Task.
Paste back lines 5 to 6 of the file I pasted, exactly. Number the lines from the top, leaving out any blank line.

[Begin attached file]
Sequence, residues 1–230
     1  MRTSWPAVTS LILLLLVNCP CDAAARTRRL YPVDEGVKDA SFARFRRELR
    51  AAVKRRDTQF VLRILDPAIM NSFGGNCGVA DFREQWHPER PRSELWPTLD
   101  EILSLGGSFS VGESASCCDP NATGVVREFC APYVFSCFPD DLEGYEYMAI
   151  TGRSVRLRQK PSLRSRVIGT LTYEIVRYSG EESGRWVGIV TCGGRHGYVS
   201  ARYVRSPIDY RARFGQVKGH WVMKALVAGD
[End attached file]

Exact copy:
   151  TGRSVRLRQK PSLRSRVIGT LTYEIVRYSG EESGRWVGIV TCGGRHGYVS
   201  ARYVRSPIDY RARFGQVKGH WVMKALVAGD